A group of student and faculty activists at the University of Minnesota is goading U of M organizers to cancel a speech by former Secretary of State Condoleezza Rice planned for April 17 at Northrup Auditorium, the Star Tribune reports.
The activists object to her involvement in the war policies of the George W. Bush administration, and they object to her $150,000 speaking fee, the newspaper reports.
A vote is scheduled for next week in the University Senate on a resolution urging the U of M to rescind the invitation to Rice. Math professor William Messing introduced the resolution and told the Star Tribune he is “cautiously optimistic” it could win broader support.
Disinviting Rice would be inconsistent with the university's goal of promoting dialogue, Andrea Cournoyer, a spokeswoman for the Humphrey School of Public Policy, which organized the event, told the Star Tribune. She said Rice was “one of the most influential and powerful people in the world.”
Rice's fee will come from donor funds made to the lecture series endowment and the Carlson Family Foundation, Cournoyer told the newspaper.
Rice is scheduled to speak not about war, but civil rights, sharing "her perspectives on the progress achieved and challenges ahead in efforts to promote civil rights for all Americans," according to the U of M. The talk, part of the Humphrey School of Public Affairs’ Distinguished Carlson Lecture Series, is free and open to the public, although a reserved ticket is required. More details here.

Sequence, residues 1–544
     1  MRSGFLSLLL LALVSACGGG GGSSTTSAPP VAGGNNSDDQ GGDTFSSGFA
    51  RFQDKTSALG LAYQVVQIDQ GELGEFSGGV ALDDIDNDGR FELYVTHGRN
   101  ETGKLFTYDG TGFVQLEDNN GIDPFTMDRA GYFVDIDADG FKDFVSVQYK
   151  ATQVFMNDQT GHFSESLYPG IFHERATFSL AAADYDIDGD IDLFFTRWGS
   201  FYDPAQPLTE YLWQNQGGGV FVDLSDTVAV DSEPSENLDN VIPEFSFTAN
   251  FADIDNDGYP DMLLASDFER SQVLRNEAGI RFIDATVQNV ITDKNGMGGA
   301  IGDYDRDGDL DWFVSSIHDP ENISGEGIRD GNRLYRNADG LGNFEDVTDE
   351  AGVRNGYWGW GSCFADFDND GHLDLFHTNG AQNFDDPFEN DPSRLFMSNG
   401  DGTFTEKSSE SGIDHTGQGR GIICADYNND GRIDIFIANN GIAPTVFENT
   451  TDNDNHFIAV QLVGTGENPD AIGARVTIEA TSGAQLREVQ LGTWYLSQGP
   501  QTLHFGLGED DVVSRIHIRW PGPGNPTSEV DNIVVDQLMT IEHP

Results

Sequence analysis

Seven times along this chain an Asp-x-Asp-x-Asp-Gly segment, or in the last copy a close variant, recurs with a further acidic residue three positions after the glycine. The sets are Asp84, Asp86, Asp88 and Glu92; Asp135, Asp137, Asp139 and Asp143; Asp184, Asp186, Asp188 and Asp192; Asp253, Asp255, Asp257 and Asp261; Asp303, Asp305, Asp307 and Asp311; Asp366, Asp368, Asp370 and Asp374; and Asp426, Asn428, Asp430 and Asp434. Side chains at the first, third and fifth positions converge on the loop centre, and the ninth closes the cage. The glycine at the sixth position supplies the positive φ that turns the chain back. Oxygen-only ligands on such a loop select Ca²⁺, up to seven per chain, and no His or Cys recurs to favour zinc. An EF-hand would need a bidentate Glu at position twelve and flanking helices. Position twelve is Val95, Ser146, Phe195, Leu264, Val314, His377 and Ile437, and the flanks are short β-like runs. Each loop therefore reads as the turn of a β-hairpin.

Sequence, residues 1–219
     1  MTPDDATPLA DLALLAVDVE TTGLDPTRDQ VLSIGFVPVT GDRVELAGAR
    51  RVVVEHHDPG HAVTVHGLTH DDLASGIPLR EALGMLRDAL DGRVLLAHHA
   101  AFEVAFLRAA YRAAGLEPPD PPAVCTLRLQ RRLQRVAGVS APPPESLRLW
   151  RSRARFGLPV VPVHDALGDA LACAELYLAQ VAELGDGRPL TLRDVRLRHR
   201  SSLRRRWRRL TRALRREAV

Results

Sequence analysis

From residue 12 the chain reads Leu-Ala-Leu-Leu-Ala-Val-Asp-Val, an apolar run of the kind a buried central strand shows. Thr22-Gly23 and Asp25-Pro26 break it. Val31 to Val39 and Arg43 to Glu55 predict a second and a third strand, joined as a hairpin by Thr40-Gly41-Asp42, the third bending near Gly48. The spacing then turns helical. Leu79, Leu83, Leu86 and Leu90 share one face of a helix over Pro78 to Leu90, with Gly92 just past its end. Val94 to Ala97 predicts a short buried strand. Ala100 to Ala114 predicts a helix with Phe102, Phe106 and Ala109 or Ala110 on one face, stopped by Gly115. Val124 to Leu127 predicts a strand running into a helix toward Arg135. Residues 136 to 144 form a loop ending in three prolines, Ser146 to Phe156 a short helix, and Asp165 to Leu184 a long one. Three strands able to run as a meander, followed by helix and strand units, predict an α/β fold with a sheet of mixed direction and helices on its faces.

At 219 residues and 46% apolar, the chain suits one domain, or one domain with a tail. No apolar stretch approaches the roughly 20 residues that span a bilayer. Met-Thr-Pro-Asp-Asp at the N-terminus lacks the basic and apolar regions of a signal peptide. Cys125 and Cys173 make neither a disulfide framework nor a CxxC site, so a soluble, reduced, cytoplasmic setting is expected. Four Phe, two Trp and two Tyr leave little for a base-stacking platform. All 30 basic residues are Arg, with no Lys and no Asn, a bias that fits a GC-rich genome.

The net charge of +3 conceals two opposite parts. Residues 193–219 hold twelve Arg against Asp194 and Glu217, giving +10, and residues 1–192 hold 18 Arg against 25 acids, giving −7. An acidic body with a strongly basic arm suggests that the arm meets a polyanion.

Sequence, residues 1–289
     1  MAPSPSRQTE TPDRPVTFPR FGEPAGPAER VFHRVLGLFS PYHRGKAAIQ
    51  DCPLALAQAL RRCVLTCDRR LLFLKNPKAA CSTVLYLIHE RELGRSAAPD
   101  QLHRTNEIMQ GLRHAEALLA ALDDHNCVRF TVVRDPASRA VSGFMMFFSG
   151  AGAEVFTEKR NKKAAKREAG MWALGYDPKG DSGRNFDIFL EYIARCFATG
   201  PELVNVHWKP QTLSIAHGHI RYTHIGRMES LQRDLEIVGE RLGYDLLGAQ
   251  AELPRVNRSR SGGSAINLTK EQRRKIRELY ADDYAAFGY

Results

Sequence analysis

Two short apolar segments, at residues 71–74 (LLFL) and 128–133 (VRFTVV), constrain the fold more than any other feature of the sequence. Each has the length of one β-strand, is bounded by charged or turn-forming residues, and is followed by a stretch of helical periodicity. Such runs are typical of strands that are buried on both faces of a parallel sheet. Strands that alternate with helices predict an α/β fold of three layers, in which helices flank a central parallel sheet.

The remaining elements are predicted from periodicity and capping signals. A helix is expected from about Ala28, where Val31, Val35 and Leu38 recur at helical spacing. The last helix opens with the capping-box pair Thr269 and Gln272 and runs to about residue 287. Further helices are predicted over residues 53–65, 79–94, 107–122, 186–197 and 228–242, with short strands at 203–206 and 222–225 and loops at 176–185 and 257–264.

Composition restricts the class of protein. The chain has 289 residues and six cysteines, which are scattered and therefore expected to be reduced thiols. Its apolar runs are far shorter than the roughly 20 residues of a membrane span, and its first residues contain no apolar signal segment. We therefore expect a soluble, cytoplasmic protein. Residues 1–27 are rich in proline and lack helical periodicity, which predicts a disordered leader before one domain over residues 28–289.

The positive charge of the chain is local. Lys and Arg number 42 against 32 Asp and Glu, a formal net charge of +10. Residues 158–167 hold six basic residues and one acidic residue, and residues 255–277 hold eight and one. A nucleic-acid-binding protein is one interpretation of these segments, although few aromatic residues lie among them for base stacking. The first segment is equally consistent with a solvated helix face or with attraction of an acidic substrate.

Rice this week said American leaders should resist the temptation to become weary of war, according to a report of her remarks at a fundraiser, the Washington Post reported.
She accused the Obama administration of significantly weakening the United States' position in the world, the conservative Weekly Standard reported. “Right now, there’s a vacuum,” she told the crowd of more than 2,000 at the National Republican Congressional Committee event in Washington, D.C. “There’s a vacuum because we’ve decided to lower our voice. We’ve decided to step back. We’ve decided that if we step back and lower our voice, others will lead, other things will fill that vacuum.”